Mechanisms of Action

Surprisingly little is also known about the mechanisms of action of many (perhaps most) EDCs. Some are certainly oestrogenic, and much attention has been focused on these chemicals, primarily because some of the best-documented examples of endocrine disruption in wildlife (e.g. the 'feminisation' of male alligators in the US [3] and fish in the UK [2]) appear to be due to exposure to oestro-genic chemicals. Further, the wide availability of in vitro assays for oestrogens has meant that it is relatively easy to screen chemicals for oestrogenic activity. Such screening has demonstrated that a surprisingly diverse range of chemicals, such as some alkylphenols, phthalates, bi-phenolic chemicals and pesticides, all of which are well-documented aquatic pollutants, are oestrogenic, albeit usually only weakly so (e.g. [45,60]). A relatively small proportion of these chemicals has also been shown to demonstrate oestrogenic activity in vivo; the well documented increase in the plasma vitellogenin concentration of fish in response to nonylphe-nol is probably the best example [46]. However, because a chemical demonstrates oestrogenic activity does not necessarily mean that any effects it causes in vivo are a consequence of the oestrogenic activity of the chemical. For example, p,p'-DDE is weakly oestrogenic in vitro, but shows anti-androgenic effects in vivo [61], leading to the suggestion that some of the 'oestrogenic' effects observed in wildlife are, in fact, caused by the anti-androgenic nature of some chemicals [61]. The general message that is slowly appearing is that many EDCs may well have multiple endocrine activities (i.e. a chemical could have oestrogenic and also anti-andro-genic activities [62]), and hence presumably have multiple mechanisms of action in vivo, though this has yet to be demonstrated (and will be difficult).

Besides interacting directly (as agonists or antagonists) with steroid hormone receptors, and thus influencing the rates of transcription of the many genes regulated by steroid hormones, many EDCs probably also exert more indirect effects on reproduction. For example, it is likely that many of the enzymes involved in the biosynthesis of steroid hormones are themselves affected by EDCs. These effects could include altering the rates of expression of the genes coding for the enzymes (and hence affecting the levels of the enzymes), and acting as surrogate substrates for these enzymes (if chemicals with endocrine activity can mimic the structures of natural sex steroids, then they can presumably also act as substrates for enzymes that play roles in the biosynthesis of steroids).Although there are limited data available presently to support my contention that EDCs will have multiple mechanisms of action, especially in vivo, it has already been shown that nonylphenol affects a number of enzymes of the cytochrome P450-dependent monooxygenase system [63], which plays a central role in the oxidative metabolism or biotransformation of a wide range of foreign and endogenous compounds.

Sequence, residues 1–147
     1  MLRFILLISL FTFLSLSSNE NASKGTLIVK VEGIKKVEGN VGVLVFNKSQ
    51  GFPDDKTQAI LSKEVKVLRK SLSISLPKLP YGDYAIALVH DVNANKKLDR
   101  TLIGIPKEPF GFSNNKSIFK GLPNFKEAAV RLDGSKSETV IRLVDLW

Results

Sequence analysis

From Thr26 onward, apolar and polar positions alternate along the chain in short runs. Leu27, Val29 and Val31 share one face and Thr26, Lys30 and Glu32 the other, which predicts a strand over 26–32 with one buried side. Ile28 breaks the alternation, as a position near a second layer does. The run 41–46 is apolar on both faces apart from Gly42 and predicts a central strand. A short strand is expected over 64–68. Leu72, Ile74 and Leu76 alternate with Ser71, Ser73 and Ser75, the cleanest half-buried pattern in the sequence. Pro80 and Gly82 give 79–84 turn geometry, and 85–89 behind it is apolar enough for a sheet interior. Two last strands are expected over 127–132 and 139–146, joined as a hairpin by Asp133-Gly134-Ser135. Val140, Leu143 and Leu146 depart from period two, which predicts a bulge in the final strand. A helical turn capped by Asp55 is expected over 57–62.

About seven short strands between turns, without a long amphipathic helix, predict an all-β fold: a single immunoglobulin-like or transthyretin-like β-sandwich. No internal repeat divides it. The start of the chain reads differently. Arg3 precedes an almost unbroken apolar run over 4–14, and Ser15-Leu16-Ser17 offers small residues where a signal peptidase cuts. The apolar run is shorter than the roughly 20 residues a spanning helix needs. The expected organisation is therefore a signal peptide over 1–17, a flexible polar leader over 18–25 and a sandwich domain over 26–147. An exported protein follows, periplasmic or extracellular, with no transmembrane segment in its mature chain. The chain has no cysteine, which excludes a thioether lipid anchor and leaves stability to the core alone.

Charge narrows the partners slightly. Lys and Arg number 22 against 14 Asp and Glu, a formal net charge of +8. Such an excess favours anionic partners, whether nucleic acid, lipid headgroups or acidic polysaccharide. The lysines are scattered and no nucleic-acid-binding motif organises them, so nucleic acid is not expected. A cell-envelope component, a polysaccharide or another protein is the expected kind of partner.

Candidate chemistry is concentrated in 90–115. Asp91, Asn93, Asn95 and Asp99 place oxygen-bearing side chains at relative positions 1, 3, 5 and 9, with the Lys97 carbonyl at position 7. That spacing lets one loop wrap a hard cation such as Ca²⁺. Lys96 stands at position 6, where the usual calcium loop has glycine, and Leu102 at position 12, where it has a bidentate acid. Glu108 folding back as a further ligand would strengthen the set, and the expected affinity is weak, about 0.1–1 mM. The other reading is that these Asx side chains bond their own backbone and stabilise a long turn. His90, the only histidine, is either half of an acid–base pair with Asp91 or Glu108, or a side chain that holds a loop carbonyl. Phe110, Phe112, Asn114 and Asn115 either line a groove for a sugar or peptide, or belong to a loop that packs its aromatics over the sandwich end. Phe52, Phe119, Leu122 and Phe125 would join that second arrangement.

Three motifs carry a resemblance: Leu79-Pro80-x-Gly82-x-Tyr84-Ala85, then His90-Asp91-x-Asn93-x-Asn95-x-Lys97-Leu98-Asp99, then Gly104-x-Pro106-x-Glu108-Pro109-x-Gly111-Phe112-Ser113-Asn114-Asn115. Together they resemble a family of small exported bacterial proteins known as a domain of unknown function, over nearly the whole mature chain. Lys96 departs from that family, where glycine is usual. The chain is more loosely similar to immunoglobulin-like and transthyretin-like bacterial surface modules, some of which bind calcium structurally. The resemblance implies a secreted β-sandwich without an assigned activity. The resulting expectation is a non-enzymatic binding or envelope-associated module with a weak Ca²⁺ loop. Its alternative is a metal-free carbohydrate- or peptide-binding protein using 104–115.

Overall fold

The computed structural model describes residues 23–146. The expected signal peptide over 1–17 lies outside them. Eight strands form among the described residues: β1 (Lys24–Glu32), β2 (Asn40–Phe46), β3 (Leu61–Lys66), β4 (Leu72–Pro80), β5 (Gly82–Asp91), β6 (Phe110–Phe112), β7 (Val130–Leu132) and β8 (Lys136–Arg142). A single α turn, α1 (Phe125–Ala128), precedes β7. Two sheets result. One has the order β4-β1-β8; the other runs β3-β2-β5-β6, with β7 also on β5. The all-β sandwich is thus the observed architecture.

With so many potential mechanisms of action, it will not be an easy task to clarify exactly how a particular chemical, let alone a mixture of chemicals, causes a particular effect, or suite of effects; in the case of fish exposed to very complex, ill-defined, mixtures of chemicals, it may well never be possible to be certain exactly what chemicals cause the effects, or how they do so.

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